“Native youth experience the highest rates of suicide among young people. With studies showing that negative stereotypes and harmful “Indian” sports mascots are known to play a role in exacerbating racial inequality and perpetuating feelings of inadequacy among Native youth, it is vital that all institutions – including professional sports franchises- re-evaluate their role in capitalizing on these stereotypes.” -Ending the Legacy of Racism in Sports…
Dr. King, Jr. wasn’t just talking about African-Americans when he declared that “injustice anywhere is a threat to justice everywhere.”
But somehow it’s okay not to care about the plight of the First Americans. We say, well some “Indians” don’t mind. Some like it. Well, some black people didn’t like the Civil Rights Movement. But they couldn’t stop the rising tide of what was right. We didn’t allow inhumanity to win then and we shouldn’t allow it to win now.
Some say, “I’m part Native American and it doesn’t bother me”, ignoring the fact that they’ve lived an entire life as another race with no real desire or ability to see and feel life through the prism of Native people.
We are African-Americans. The descendants of 400 hundred years of slavery and injustice in this land. Almost every day, we are reminded of this fact. And every day, somewhere, we fight back individually and through the organization of groups bent upon securing racial equality for our people. This is an honorable and just fight. We know the pain of justice denied and its ramifications. We know the power of caricature and stereotype to wound and diminish. Truthfully, what people knows better than us? So why do we participate in perpetuating the Jim Crow-ism of another people? Are we now the bigots?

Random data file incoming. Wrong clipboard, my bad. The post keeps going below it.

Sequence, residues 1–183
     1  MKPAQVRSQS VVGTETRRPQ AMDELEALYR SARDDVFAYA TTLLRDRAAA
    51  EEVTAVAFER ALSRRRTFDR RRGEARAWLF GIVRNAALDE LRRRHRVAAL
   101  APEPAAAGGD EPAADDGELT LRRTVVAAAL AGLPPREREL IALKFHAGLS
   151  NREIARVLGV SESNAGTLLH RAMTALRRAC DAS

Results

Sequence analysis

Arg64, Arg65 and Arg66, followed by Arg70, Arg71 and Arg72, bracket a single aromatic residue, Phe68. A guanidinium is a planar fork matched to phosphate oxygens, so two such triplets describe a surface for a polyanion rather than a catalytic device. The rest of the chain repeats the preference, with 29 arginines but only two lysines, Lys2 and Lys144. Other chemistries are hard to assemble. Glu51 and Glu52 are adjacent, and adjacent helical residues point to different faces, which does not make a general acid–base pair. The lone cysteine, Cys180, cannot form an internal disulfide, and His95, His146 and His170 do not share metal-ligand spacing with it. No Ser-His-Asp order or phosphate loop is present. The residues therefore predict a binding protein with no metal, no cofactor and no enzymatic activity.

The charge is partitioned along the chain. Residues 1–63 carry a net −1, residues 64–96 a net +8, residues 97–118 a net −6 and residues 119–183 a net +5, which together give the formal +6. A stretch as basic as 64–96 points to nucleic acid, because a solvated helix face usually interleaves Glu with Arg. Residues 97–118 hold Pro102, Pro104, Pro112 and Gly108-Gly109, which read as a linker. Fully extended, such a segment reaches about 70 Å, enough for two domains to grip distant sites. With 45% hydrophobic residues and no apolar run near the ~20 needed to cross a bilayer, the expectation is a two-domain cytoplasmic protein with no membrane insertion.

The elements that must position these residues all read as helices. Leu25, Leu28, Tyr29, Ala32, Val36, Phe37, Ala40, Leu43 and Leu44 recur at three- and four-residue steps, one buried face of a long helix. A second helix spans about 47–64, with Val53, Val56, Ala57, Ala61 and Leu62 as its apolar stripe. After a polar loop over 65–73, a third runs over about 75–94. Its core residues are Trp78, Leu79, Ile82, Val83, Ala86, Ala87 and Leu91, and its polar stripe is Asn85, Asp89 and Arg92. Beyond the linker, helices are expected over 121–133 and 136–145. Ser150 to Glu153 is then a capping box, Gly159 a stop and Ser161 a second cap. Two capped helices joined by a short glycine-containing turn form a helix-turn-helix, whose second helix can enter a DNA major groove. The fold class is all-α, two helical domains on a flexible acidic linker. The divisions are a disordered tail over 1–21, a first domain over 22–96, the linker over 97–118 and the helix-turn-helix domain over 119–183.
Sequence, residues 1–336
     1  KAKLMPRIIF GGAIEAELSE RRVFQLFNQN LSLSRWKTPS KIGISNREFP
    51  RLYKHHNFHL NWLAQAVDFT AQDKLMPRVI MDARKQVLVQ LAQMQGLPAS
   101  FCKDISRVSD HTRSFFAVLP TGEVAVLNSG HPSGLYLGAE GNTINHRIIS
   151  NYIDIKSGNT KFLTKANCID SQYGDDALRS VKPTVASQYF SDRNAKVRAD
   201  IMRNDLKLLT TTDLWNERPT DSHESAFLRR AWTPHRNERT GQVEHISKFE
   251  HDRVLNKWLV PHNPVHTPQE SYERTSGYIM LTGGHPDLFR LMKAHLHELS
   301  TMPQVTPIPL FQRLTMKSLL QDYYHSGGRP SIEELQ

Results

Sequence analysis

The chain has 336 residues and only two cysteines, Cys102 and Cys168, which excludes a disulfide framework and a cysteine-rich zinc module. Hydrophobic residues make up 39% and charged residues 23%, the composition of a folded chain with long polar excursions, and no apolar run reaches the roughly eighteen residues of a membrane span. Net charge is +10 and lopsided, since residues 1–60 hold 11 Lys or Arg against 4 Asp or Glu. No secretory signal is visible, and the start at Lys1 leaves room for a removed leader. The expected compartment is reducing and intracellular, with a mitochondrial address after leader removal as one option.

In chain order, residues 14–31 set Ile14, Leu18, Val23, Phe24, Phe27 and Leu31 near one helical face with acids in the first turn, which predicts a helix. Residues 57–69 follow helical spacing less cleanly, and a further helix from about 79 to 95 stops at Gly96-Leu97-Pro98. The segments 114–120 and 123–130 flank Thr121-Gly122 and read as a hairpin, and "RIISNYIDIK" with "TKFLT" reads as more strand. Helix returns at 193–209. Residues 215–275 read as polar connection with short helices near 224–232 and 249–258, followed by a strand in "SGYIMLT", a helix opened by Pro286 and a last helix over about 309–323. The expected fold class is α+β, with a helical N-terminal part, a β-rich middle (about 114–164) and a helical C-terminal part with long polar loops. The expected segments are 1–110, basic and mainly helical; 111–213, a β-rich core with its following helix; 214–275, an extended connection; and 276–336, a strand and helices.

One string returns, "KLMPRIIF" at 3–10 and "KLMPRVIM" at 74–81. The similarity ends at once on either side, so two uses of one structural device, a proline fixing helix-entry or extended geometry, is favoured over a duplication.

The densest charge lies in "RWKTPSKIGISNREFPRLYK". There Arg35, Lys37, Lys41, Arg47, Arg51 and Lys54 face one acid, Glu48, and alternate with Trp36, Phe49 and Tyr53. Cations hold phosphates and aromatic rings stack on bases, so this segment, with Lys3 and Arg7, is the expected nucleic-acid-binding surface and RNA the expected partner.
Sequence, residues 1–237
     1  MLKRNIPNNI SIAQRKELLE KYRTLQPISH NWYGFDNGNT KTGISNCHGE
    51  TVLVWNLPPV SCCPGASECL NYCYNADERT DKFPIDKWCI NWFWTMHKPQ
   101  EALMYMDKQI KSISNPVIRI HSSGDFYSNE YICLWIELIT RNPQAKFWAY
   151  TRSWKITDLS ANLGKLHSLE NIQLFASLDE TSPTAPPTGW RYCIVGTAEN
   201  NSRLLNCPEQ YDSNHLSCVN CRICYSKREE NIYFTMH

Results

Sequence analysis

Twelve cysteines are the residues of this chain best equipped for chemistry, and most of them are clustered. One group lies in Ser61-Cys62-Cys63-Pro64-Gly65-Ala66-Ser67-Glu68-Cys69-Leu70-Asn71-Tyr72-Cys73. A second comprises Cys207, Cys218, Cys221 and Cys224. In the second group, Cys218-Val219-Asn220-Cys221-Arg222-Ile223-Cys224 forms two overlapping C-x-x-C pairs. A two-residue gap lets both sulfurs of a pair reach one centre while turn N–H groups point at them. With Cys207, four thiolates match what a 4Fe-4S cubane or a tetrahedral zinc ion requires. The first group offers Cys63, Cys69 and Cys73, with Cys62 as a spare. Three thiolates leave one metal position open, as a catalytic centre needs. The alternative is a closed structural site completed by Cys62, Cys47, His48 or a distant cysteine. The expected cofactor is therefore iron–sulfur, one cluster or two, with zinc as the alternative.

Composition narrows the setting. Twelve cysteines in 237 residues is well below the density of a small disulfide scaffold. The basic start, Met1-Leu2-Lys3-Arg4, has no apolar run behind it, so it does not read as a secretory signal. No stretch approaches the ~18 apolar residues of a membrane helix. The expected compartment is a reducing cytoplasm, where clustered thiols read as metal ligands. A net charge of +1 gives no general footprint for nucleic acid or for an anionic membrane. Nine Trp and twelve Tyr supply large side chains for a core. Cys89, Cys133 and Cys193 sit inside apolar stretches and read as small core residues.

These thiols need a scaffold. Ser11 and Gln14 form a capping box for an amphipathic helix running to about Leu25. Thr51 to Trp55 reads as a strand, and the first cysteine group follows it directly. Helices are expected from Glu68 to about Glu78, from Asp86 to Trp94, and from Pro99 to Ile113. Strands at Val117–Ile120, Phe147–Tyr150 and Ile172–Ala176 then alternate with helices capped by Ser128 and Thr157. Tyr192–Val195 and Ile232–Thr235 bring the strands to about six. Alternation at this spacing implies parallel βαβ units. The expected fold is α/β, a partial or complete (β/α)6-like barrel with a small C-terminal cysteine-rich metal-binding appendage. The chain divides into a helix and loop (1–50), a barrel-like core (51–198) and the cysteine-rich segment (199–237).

In my opinion, Daniel Snyder is on par with former Alabama Governor George Wallace. And like Wallace, he is standing – blocking the doorway to social justice and with a loathsome passion, he is declaring something akin to Wallace’s “…segregation now, segregation tomorrow, segregation forever!”
Let’s not stand with Snyder when he says he will never change the team’s name. Let’s stand for a people trying to say treat us with dignity and respect. To the players, I say listen to those who have come before you. Sure they should have said something when they played, but they are speaking now.
“[If] Native Americans feel like Reds***s or the Chiefs or [another] name is offensive to them, then who are we to say to them, ‘No, it’s not?’” – Art Monk
“It deserves and warrants conversation because somebody is saying, ‘Hey, this offends me,’ and then you have a conversation.” – Darrell Green
Years ago, one of my friends asked me why I wanted black men to take a stand and risk their livelihoods. After all, they fought hard to get to the NFL. They could be throwing away the opportunity of a lifetime. Back then, I guessed that we were fresh out of athletes like Muhammad Ali. If I was having the conversation today, I would point to a group of young men at the University of Missouri. In 2015, when racism, sexism and homophobia raised their ugly heads on campus, the school’s football team refused to take the field. Because it was the right thing to do, they were willing to risk the season and in many cases, their future careers. The men who play for Dan Snyder and the fans of his team should do no less.
Dr. King Jr. also said, “The arc of the moral universe is long, but it bends toward justice.”
I wonder. Do we think he meant that it bends only for us?
The title of this essay is a quote from Maya Angelou.